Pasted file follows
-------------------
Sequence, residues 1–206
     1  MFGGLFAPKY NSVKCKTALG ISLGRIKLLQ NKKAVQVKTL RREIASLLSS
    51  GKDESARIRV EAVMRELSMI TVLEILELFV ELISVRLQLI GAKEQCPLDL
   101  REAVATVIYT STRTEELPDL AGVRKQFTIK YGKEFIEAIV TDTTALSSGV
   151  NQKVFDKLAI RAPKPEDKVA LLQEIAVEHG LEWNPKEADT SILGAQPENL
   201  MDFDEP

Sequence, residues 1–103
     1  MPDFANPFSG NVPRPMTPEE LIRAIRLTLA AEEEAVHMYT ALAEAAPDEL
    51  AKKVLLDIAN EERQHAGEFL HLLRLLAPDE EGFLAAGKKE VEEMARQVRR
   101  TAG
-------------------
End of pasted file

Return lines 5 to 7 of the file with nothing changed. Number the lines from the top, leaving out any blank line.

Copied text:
   151  NQKVFDKLAI RAPKPEDKVA LLQEIAVEHG LEWNPKEADT SILGAQPENL
   201  MDFDEP

Sequence, residues 1–103